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Many libraries need to hold references to Lua objects, and to expose userdatas 
to Lua code, and this creates a nightmare for memory management. Every object 
must be either under the control of the Lua GC, or managed by the C code. 
Consider some struct, which is heavily used and stored in both C and Lua 
code, and passed between the two often. There are two options:

- Manage the struct from C.
AFAICT, the only way to be sure that both Lua and C no longer contain 
references to an instance is to maintain a reference count (even if that's 
just a pair of flags indicating whether the object has Lua and C references). 
This appears to be necessary regardless of the memory management strategy 
used on the C side. There is then a possibility of an uncollectable reference 
cycle between C and Lua, which would be very expensive to detect. Requiring 
Lua users to avoid reference cycles would be onerous, bad practice, and 
potentially slow. I am particularly concered about reference cycles because I 
think that when closures are being passed to C code, they are almost 
inevitable, and they could potentially involve a large number of objects.

- Create the struct as a userdata.
Now everything is fine from the Lua side, but every time a reference is kept 
on the C side, it must be stored in a table that will be GCed along with the 
reference holder (which must itself be a userdata). That means having a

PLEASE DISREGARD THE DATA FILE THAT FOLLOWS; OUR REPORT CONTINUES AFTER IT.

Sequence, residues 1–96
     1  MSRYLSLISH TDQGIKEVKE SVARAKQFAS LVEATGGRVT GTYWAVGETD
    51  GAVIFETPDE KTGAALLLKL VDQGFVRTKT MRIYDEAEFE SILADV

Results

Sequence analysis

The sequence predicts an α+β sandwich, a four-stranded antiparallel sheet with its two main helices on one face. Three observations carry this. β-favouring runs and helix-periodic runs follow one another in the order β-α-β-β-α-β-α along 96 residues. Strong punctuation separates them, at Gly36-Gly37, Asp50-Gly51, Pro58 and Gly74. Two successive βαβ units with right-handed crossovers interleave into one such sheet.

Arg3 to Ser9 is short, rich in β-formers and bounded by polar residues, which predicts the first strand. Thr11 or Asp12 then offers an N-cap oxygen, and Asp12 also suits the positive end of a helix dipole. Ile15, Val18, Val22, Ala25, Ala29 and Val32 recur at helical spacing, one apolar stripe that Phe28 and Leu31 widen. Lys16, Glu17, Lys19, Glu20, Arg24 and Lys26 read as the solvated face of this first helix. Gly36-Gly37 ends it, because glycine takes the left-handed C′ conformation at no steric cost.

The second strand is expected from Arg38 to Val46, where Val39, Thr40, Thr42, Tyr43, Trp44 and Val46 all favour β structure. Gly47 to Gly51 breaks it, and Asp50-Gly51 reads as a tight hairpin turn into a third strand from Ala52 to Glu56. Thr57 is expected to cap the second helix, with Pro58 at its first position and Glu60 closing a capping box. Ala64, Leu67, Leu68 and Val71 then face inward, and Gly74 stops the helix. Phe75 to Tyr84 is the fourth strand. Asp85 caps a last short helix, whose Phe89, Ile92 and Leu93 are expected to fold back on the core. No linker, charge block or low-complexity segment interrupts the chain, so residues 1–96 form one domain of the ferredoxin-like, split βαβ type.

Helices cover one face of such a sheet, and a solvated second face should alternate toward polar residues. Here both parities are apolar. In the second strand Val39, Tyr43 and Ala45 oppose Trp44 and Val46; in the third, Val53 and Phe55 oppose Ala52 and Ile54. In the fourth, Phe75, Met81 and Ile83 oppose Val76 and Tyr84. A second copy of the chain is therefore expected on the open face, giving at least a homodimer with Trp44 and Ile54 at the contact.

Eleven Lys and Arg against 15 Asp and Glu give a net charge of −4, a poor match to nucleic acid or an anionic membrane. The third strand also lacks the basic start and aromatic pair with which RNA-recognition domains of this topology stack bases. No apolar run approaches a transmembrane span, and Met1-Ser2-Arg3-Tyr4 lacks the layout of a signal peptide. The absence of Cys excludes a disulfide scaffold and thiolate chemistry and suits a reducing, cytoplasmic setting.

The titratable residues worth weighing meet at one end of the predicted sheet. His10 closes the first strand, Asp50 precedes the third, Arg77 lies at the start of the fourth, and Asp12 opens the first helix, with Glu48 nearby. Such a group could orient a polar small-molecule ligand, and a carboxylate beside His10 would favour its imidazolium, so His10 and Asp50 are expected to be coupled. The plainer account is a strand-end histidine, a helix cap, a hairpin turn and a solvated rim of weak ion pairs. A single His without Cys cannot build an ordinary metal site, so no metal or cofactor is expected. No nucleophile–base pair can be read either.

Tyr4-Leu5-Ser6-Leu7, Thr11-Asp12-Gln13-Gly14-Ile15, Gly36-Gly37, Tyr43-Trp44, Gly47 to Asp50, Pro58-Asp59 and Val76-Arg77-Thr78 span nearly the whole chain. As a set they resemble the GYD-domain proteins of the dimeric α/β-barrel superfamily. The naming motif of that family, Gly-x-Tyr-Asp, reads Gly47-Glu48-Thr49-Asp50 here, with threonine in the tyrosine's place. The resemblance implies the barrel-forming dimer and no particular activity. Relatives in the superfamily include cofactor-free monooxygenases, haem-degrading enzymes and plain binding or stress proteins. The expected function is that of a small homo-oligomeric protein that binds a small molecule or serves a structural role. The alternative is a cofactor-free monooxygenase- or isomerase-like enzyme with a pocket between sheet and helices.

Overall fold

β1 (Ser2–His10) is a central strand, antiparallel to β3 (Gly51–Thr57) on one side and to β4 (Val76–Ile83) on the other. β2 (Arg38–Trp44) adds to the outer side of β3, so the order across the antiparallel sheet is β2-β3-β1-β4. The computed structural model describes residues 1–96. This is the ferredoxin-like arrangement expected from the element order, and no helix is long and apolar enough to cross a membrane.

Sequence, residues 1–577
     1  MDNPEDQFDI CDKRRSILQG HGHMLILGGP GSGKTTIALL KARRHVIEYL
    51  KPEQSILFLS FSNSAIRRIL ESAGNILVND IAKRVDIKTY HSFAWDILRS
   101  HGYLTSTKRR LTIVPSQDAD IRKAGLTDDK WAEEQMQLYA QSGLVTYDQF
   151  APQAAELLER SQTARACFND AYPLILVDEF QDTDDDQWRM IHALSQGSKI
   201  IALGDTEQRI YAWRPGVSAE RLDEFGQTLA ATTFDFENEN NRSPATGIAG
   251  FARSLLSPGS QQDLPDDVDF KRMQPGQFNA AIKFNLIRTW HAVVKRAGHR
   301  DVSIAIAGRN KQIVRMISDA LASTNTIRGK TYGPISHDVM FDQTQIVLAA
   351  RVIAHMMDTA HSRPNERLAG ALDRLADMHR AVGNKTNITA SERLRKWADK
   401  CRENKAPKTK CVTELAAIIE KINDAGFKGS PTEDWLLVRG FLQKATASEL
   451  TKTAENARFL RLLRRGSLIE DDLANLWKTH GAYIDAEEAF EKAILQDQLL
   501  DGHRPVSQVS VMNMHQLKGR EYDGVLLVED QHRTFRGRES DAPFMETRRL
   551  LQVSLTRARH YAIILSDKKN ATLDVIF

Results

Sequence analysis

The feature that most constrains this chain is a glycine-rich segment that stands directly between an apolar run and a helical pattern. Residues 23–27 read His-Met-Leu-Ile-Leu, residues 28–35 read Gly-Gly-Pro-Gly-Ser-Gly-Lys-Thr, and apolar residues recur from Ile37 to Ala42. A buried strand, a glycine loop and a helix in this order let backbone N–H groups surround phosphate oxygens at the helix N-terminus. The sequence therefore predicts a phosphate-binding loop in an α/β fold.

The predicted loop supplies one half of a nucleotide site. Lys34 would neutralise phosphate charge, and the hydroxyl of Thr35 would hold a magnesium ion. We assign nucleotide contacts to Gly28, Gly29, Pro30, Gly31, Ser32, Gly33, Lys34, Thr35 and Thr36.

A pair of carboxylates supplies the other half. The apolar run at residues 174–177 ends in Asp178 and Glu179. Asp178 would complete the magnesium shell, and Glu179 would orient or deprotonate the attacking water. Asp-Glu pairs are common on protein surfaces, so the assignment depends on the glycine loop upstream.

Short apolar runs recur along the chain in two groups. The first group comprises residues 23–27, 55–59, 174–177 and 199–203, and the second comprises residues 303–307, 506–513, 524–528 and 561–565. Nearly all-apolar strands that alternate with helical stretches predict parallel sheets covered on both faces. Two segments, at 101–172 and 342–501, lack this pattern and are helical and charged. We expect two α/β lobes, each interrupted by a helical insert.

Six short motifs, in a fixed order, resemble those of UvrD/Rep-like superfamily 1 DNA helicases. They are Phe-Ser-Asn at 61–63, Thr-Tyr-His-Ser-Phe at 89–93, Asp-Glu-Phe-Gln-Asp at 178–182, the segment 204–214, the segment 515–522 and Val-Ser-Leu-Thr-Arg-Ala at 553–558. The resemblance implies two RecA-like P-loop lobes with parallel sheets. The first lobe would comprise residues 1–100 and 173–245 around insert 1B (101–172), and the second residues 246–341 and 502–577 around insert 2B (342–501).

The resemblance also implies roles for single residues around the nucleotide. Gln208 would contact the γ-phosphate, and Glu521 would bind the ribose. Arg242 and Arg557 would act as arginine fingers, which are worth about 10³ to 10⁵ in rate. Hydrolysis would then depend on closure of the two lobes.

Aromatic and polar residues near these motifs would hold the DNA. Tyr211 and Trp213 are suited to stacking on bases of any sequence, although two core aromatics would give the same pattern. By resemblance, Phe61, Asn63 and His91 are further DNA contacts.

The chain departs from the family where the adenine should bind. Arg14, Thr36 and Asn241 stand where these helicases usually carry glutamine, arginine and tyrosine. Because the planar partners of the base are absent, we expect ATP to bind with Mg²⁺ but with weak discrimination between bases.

unique metatable for each userdata (I don't think any scheme with weak tables 
will work correctly, and it would be too slow anyway). This though makes 
object creation too expensive (I'm expecting lots of little short-lived 
objects, and making them userdatas means I can't pool them). Also, this may 
require additional bookkeeping to link pointers back to userdatas. I don't 
believe any other solution (e.g. luaL_ref) can collect reference cycles. 

The only solution that I can see is to improve how userdatas hold references 
to other Lua objects. Probably the neatest way is to associate with each 
userdata an array (length specified when the userdata is created) of 
TObjects, in which it may store Lua objects, and which the garbage collector 
knows about. That array should be accessible given only a pointer to the 
userdata, and not the actual Lua object (e.g. by storing the array 
immediately before the userdata and counting backwards).

What I'd really like to see though is more options, to make it possible to 
find solutions to these sorts of problems that are both fast and correct. At 
the moment, Lua memory management seems very much 'off limits'. Examples 
include allowing a userdata to be returned to a pool rather than free'd when 
it is GCed, and allowing C objects to take part in marking. C code shouldn't 
be reduced to the efficiency of a scripting language just because it 
exchanges objects with one.

Some of the isues I've mentioned here have been described before by e.g. Rici 
Lake and Mark Hamburg, but there doesn't appear to have been any resolution, 
or any input from the Lua authors.

-- Jamie Webb